One of the gravest concerns regarding food is our prolonged exposure to pesticides. A recent Consumer Report newsletter stressed that consumers should “avoid long-term exposure to pesticide residues.” Circumventing this hazard, according to the USDA, is possible by consuming locally grown, certified organic food and produce. By purchasing food at bay area festivals, like the Tampa Kids Market, you can meet the producer or farmer who grew your in-season food. There are also retail options like Whole Foods Market that establish high standards on food vendors and partnerships with local growers to provide only the best and local produce for customers.

One such local grower is Sweetwater Organic Community Farm in Hillsborough County. Established in 1995, the 6-acre farm offers classes, co-ops, festivals, and an educational series on top of providing produce for retailers. Its summer camp teaches kids about the earth and producing sustainable food.

Holistic stores, like Whole Foods Market, go a step further, screening all products for ingredients like high fructose corn syrup and other processed ingredients. This goes a long way for the environment. With more than 75% of all food in your local grocer containing either corn or soy ingredients, according to the documentary film Food, Inc., changing our consumption not only helps the environment it has a huge impact on our health.

PACKAGE

In school, every child learns the core to reducing our waste and packaging: Reduce, Reuse, Recycle. As simple as it sounds, making an effort to incorporate these three principles can drastically change dependence on plastic bottles, paper, water (yes, water) and other resources.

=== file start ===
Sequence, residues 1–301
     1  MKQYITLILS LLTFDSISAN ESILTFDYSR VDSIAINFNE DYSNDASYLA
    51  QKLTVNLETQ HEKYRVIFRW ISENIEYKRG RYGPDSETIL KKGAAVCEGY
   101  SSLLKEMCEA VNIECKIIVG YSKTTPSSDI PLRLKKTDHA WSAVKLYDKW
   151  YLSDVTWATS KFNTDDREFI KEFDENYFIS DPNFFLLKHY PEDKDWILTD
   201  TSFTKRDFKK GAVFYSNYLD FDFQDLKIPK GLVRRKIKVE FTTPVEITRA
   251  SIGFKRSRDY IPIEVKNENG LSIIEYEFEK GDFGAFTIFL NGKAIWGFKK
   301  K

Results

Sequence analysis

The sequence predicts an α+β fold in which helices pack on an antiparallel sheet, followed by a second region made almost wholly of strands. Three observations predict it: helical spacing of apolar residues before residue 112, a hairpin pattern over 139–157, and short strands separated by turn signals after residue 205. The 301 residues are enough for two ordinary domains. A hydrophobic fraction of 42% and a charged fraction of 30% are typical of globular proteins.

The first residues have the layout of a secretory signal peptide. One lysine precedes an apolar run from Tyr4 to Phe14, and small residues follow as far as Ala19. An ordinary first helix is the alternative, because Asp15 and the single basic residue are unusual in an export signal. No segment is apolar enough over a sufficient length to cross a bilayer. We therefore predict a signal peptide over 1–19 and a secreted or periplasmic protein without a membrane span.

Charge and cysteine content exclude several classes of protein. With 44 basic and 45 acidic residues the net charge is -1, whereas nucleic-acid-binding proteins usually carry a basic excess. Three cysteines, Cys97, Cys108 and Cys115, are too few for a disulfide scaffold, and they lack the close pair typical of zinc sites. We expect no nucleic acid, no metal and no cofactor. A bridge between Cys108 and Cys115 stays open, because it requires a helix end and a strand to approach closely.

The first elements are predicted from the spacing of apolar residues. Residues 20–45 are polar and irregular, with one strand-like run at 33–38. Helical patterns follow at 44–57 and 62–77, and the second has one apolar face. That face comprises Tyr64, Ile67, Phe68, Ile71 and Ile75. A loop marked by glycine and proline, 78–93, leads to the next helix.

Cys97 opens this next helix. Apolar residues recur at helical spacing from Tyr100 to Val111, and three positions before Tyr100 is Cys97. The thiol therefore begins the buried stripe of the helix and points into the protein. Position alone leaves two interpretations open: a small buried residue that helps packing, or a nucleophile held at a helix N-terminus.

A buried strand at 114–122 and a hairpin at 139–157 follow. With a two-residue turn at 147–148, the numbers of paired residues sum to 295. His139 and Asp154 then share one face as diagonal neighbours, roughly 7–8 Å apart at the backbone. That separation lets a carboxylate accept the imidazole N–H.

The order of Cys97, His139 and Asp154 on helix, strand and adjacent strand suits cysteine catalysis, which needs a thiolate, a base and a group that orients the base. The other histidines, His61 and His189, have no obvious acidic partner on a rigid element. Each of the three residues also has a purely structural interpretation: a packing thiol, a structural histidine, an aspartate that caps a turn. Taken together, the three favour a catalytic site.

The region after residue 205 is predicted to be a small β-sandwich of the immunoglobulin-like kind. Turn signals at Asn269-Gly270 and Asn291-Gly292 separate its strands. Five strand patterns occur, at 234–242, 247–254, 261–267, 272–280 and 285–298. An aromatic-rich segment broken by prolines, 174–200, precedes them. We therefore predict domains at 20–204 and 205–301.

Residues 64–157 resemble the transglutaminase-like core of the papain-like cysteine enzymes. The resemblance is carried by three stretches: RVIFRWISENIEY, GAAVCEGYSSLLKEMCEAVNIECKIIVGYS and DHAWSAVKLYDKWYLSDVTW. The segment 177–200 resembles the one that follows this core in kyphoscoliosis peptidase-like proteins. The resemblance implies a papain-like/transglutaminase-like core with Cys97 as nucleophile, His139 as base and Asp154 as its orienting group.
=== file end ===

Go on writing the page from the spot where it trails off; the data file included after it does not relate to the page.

For example, what we decide to purchase at the grocery store and packaging go hand in hand. You can easily reduce the amount by purchasing more whole, unprocessed foods. For items with a short shelf-life (fresh produce), Well Fed World suggest shoppers bring their own bag and prioritize items that are not pre-cut and prepackaged. Although it takes a little longer, you’ll save money and reduce packaging.

The Department of the Interior, which oversees national parks, wildlife refuges and other public lands, offers these tips to reducing our impact on the environment.

  1. Remove your home address from junk mail lists by visiting the Federal Trade Commission’s website (www.consumer.ftc.gov).
  2. Disconnect all chargers and electronics from outlets when not in use. According to the US Department of Energy, products that are switched off consume 75% of all electricity used to power electronics.
  3. Replace your disposable cup with a stainless steel, BPA-free beverage container. Many stores offer discounts for bringing your own cup.
  4. Print and photocopy only when necessary. Decrease the amount of paper you use by reusing those that have writing on one side only.

These are all things that can be done with your kids. Getting your kids involved in reducing your family’s impact will not only lighten the load on you but teach them the importance of our natural surroundings. Remember, we must lead by example.

Tampa Bay Parenting is proud to partner with the Mosaic Company for the first Plant a Veggie Contest! Starting April 1, visit TBParenting.com/mosaic and submit a picture of your family working on or planting veggies in the garden. The photo with the most votes will be selected the Grand Prize winner. Learn more at TBParenting.com.

The Mosaic Company is the world’s largest supplier of phosphate and potash. To learn more about their work, visit

www.mosaicco.com.